Successfully identifying at-risk patients is a challenge facing many busy emergency departments today. These patients — who often suffer from substance abuse or mental health issues — need long-term care EDs aren’t equipped to offer. But in many instances, the treatment provided by emergency department staff and physicians is the only care at-risk patients receive, resulting in a revolving door of frequent ED use.

The first step to providing at-risk patients the care they need is to identify them as such. And for EDs looking to improve patient flow and reduce crowding, identifying at-risk patients is crucial. Connecting these patients with appropriate care providers in the community will lead to earlier diagnosis, ease access to treatment and increase the likelihood of a positive outcome for patients, all while reducing the odds of a return visit to the ED.   

Here are a few ways staff can identify and initiate care for at-risk patients presenting to the ED.

1) Conduct surveys. Short surveys, though simple in approach, are an effective way for EDs to identify at-risk patients. For example:

The ED at the University of Michigan Medical Center instructs patients — following an initial screening process to determine eligibility — to complete a five-question electronic survey to screen them for eating disorders. This survey has proven successful in identifying patients who screen positive for a potential eating disorder and found many of these patients to be frequent users of their ED. Once identified, proper treatment can begin and lessen the likelihood of a return visit by these patients.

2) Create a risk assessment tool. Risk assessment tools built into existing electronic medical record systems are a great example of how existing technology can help identify at-risk patients. The Denver Health Medical Center ED uses such a tool to gauge a patient’s risk of HIV to determine whether or not they should be tested.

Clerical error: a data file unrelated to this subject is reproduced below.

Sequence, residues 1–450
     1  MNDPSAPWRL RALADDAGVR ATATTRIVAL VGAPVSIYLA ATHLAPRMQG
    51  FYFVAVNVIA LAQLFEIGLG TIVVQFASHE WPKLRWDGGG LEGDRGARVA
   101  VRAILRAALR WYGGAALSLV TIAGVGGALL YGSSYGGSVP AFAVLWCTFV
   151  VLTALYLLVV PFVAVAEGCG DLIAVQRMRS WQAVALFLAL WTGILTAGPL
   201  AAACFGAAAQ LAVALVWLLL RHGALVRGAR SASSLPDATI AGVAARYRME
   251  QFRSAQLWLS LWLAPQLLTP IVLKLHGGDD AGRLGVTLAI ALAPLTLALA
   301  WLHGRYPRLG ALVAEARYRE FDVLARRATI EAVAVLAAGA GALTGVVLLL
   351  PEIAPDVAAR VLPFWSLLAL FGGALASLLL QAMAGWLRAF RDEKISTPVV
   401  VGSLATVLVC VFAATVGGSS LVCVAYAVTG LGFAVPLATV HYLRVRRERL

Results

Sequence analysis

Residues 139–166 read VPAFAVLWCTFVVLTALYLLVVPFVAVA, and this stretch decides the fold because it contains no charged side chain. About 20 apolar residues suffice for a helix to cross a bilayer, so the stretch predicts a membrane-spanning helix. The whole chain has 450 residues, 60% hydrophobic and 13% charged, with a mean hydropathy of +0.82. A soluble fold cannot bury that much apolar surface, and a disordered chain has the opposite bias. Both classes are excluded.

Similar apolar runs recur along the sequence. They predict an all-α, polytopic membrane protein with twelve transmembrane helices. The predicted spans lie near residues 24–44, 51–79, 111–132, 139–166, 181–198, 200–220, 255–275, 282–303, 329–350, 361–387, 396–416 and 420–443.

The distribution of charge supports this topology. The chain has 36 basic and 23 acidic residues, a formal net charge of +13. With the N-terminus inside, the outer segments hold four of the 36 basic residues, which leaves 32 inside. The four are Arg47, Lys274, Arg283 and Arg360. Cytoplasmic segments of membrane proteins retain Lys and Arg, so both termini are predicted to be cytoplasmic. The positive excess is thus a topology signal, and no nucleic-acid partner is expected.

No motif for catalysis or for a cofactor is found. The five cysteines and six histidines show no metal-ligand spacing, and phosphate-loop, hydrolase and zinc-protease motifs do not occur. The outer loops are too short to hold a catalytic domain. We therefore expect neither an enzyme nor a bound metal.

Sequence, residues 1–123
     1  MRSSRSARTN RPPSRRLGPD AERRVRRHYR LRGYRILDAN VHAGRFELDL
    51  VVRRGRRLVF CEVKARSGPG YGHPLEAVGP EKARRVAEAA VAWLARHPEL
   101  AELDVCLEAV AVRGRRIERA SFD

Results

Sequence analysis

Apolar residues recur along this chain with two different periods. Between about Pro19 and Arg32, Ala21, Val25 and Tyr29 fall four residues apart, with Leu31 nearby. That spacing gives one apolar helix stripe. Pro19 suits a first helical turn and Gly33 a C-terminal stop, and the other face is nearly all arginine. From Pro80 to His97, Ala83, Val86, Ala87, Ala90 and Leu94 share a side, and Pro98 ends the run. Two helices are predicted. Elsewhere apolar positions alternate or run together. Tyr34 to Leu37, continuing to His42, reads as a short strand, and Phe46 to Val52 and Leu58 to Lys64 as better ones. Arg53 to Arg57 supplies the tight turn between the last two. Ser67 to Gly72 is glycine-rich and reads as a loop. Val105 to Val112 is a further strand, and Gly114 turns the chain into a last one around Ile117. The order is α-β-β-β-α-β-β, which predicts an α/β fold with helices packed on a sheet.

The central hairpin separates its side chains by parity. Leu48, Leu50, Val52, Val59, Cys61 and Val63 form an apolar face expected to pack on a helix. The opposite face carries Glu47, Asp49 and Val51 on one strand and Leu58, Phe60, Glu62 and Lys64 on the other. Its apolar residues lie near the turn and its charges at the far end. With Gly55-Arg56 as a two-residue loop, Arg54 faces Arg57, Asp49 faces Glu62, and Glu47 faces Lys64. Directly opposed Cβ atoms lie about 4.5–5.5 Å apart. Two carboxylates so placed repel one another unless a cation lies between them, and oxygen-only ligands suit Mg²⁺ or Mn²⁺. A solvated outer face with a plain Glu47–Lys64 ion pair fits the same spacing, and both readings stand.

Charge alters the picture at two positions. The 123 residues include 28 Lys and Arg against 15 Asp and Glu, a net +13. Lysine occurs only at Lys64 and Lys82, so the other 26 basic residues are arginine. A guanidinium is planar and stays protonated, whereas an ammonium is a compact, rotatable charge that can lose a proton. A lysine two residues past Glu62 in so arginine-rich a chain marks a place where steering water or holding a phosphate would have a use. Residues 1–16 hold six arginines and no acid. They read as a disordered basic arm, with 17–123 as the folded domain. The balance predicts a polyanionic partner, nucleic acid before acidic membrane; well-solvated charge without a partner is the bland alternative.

“The tool covers three demographic and five behavioral risk factors, each of which is assigned a point value, with the cumulative score reflecting the patient's overall estimated level of risk,” a report published by the Agency for Healthcare Research and Quality states. “A triage nurse administers the tool during the patient intake process and documents responses in an electronic tracking system that calculates the score in real time.”

And if the patient’s score suggests a moderate to high risk of HIV, then rapid HIV testing is conducted followed by counseling and links to ongoing treatment.

3) Develop a safety plan for patients. For those patients at risk of suicide, veterans especially, it’s important for EDs to have a suicide assessment strategy and intervention plan in place. Many VA hospital-based EDs have these plans in place, though it’s equally important for other EDs to consider. When veterans or other patients are identified to be at risk for suicide but don’t require an immediate intervention, a safety plan can be developed to help patients overcome their thoughts of suicide along with assistance connecting to community resources to lower the risk of suicide.

Do you have similar plans in place to identify at-risk patients and initiate the care? If so, comment below to share your experience or feel free to drop me a line.  


SOURCES: Agency for Healthcare Research and Quality: “Emergency Department Uses Tool To Identify At-Risk Patients in Need of HIV Testing, Leading to Same Number of Newly Diagnosed Patients with Fewer Screening Tests.”

Agency for Healthcare Research and Quality: “Emergency Department Screening Identifies Many Patients With Possible Eating Disorders, Suggesting Potential to Facilitate Earlier Diagnosis and Connection to Treatment.”

Agency for Healthcare Research and Quality: “Emergency Departments Identify and Support Veterans at Risk of Suicide, Enhancing Their Access to Outpatient Mental Health Services.”